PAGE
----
While many are cheering China’s scrapping of its stringent zero-COVID policy earlier this month, an increasing number of reports suggest that the latest official tallies of new cases only represent a fraction of the real numbers.
On Friday — before announcing over the weekend that it would no longer provide daily COVID data — China reported about 4,000 new cases for the entire country, as the New York Times reported.
At the same time, local media reported that a health official said there were about half a million cases a day in the city of Qingdao alone. The city of Dongguan estimated it was seeing about 250,000 to 300,000 new cases a day, and the city of Yulin reported 157,000 new cases last Friday, the New York Times report said.
A public-health expert at the University of Hong Kong said that based on data from Hong Kong’s COVID outbreak earlier this year, China could be facing tens of millions of new cases a day, the New York times report said.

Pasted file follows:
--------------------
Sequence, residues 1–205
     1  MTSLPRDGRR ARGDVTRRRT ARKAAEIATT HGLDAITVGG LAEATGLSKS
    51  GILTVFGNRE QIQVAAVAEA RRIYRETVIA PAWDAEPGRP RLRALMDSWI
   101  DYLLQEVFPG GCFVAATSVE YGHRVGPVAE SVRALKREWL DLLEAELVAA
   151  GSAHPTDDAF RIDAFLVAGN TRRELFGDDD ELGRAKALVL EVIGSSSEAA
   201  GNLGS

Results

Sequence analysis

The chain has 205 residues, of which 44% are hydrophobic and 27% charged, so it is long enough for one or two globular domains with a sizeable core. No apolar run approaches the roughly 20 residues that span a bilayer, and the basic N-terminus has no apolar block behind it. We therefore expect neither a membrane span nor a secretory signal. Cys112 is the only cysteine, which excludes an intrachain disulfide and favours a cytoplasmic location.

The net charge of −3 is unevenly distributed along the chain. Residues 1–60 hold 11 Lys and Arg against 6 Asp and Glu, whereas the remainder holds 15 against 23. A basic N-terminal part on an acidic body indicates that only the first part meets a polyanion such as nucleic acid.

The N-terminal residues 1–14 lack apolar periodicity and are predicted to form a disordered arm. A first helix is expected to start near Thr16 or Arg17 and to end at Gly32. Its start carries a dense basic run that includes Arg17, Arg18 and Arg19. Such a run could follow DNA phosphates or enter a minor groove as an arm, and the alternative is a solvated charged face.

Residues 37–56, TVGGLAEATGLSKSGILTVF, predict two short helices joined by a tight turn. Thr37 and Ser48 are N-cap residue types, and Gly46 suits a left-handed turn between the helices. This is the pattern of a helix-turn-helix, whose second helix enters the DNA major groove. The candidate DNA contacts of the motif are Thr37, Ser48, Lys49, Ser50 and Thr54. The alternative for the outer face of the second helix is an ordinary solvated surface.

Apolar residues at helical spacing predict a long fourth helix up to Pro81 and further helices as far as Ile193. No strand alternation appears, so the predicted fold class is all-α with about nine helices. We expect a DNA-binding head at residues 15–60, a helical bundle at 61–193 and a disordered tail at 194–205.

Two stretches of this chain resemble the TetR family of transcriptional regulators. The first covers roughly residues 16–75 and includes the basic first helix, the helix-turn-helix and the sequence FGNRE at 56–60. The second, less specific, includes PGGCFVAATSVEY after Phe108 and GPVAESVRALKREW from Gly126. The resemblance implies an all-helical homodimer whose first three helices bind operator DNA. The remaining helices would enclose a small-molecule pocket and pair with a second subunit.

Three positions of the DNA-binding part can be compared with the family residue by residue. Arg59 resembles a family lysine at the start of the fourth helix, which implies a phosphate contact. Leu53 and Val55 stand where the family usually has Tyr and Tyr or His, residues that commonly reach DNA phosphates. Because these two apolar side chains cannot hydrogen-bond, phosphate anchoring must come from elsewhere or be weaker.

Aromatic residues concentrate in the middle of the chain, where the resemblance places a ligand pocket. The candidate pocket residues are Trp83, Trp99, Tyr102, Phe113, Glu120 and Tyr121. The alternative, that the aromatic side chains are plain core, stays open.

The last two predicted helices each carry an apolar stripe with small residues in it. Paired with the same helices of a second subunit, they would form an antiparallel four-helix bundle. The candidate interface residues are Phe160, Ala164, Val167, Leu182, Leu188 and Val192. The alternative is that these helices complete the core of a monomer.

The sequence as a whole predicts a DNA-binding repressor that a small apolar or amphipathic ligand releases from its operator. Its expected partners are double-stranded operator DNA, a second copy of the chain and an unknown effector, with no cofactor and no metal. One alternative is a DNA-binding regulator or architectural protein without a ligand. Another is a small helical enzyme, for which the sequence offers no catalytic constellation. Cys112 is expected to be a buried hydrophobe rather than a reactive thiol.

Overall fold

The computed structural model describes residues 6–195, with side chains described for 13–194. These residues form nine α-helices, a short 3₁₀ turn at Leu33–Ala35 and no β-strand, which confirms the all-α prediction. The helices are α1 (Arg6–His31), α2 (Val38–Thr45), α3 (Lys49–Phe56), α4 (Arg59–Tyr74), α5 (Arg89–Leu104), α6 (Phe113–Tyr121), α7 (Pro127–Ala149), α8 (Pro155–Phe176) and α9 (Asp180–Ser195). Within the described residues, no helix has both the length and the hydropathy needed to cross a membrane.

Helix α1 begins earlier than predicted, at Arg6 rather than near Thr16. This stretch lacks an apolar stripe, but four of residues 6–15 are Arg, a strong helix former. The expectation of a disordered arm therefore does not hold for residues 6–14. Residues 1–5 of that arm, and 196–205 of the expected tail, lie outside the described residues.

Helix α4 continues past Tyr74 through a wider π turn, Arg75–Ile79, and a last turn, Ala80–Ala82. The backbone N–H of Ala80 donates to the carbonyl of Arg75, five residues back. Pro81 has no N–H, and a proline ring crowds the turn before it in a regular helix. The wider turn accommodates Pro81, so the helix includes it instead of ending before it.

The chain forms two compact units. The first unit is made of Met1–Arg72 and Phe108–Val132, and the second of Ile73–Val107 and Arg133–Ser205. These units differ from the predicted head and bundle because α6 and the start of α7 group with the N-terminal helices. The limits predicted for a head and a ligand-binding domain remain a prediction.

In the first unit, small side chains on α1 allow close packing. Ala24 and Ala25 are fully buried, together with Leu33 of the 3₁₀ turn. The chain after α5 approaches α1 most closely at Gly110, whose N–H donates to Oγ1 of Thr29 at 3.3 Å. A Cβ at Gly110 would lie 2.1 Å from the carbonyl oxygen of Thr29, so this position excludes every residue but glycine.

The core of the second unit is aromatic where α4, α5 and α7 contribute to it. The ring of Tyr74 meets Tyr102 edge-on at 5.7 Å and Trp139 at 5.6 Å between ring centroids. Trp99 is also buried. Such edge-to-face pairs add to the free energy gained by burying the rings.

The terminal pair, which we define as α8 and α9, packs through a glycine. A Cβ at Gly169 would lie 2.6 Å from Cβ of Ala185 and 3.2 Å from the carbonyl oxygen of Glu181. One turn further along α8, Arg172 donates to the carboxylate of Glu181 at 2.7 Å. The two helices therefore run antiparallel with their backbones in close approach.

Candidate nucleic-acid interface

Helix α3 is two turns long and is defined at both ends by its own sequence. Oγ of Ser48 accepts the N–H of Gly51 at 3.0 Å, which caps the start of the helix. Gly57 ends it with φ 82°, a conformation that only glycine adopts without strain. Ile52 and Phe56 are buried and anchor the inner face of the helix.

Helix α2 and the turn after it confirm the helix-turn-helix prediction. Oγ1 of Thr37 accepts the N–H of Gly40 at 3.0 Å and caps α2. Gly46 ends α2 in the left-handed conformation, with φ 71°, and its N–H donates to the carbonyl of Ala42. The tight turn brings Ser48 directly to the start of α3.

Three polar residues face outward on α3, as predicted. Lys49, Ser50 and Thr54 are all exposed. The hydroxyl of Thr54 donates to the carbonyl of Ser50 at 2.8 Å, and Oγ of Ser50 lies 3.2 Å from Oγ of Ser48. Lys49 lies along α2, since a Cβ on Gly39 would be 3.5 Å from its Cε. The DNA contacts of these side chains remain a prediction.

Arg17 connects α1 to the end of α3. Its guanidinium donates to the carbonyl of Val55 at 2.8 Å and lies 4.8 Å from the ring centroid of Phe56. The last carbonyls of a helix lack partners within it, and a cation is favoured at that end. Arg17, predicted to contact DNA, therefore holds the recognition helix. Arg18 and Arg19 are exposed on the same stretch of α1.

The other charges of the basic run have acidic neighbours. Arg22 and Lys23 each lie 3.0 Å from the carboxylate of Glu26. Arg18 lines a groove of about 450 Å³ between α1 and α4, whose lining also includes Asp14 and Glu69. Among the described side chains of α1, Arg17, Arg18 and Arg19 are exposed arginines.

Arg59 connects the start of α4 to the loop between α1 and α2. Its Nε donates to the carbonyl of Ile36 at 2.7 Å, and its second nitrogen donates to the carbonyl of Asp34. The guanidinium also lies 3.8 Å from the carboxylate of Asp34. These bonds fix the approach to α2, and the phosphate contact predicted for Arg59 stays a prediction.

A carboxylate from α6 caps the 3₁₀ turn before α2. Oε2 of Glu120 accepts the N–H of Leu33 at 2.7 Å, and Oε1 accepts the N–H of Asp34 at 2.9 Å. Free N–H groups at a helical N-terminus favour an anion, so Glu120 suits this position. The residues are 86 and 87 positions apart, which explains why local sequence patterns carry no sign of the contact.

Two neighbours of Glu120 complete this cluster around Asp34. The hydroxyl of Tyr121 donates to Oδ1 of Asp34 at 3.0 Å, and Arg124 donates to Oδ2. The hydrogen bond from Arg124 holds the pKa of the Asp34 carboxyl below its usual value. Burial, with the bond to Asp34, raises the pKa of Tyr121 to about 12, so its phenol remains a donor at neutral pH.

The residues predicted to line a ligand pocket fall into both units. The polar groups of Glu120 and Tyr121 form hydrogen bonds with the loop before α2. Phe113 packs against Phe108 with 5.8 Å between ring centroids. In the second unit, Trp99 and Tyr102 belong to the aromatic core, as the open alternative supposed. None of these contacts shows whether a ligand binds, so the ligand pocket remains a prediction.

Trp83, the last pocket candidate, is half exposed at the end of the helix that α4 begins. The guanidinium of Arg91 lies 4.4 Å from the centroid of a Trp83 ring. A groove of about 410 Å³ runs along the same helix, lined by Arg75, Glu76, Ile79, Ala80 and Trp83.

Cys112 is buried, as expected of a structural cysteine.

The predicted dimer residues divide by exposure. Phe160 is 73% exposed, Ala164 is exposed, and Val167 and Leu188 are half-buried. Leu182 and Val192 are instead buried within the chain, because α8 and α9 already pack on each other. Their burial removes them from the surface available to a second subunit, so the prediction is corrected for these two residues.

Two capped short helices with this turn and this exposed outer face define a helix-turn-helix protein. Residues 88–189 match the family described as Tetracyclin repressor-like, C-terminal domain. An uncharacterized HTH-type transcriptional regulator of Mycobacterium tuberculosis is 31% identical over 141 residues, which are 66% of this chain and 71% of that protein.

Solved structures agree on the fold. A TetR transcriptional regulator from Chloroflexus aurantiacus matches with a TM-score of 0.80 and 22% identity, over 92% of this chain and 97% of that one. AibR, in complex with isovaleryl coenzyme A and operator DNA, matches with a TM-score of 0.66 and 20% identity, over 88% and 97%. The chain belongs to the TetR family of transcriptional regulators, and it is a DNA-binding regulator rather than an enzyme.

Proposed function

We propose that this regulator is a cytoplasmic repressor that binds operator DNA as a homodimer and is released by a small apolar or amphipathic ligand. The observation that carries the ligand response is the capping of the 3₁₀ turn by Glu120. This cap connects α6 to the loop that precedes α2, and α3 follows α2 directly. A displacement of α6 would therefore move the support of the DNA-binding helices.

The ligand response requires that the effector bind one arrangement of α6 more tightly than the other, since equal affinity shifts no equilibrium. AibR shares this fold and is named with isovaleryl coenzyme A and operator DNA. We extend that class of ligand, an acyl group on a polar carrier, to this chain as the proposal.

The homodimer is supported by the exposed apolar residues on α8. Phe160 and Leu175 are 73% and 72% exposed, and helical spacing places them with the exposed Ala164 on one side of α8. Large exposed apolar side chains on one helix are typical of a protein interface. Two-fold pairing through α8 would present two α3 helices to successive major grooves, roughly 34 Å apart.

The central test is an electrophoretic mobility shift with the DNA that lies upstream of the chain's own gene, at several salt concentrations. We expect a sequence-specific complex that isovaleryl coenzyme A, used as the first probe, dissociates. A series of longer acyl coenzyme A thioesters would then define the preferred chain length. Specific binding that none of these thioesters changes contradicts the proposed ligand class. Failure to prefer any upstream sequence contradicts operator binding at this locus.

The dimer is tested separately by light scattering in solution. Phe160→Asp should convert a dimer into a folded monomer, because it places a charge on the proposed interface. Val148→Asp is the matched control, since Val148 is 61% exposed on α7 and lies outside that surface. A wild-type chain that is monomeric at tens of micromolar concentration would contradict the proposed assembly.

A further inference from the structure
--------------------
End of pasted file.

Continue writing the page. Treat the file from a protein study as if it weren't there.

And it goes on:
That jibes with other reports that some hospitals in China are being overwhelmed with severe cases. Vaccination rates in the country have been relatively low, especially among the elderly.
Even as reports of a nationwide surge in cases increase, so do reports of restrictions that are being lifted.
On Wednesday, Hong Kong will stop requiring PCR COVID tests for arriving travelers and will also end the requirement for vaccine passes in order to enter some public venues.
The lifting of the requirements come as government data showed that 95% of Hong Kong’s population have had at least one shot of a COVID vaccine, while 83% have had three doses.
In the U.S., 80.8% of Americans have had at least one dose of a COVID vaccine, according to the latest data from the Centers for Disease Control and Prevention. Meanwhile, 69% of the population has been fully vaccinated, but only 14.6% have received an updated bivalent booster dose.
The daily average for COVID-related hospitalizations was 39,432 on Tuesday, down from 40,156 the day before and down 1% from two weeks ago. Deaths dropped to a two-week low of 388, down 18% from two weeks ago.
On a negative note, the test-positivity rate rose to a four-month high above 14%, which suggests that many new COVID infections are not being reported.
The number of COVID-related patients in intensive-care units fell to 4,871 on Tuesday from Monday’s 4½-month high of 4,931 but has increased 8% from two weeks ago.